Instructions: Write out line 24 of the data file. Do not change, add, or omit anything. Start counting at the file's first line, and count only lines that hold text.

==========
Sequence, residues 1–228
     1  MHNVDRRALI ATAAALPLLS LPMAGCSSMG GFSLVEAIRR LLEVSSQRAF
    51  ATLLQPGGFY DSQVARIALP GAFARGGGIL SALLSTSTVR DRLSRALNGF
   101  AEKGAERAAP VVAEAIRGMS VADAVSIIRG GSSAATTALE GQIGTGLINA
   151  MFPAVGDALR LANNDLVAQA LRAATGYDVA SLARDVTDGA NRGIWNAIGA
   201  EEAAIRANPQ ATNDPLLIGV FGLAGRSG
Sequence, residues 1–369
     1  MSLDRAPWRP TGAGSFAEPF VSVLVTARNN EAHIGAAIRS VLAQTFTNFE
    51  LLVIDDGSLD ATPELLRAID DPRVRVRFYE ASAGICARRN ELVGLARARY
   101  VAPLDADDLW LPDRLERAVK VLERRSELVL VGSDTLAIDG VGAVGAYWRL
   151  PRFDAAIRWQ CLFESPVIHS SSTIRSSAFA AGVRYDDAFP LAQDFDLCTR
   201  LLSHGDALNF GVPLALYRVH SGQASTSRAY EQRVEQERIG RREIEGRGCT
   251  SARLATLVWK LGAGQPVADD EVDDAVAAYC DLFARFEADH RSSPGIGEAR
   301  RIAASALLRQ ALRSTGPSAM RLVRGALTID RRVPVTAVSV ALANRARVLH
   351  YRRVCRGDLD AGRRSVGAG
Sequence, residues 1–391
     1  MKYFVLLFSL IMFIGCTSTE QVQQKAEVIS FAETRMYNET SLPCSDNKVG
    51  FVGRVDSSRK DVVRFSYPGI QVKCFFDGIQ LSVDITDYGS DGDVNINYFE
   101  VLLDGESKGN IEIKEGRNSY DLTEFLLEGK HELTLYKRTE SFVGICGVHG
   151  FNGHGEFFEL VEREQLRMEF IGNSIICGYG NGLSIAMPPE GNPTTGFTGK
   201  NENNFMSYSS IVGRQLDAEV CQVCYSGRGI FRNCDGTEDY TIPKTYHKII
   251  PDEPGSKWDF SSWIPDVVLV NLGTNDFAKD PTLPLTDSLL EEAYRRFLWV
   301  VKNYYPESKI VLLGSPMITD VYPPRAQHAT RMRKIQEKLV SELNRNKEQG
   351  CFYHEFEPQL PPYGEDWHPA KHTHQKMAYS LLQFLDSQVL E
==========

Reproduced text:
   351  CFYHEFEPQL PPYGEDWHPA KHTHQKMAYS LLQFLDSQVL E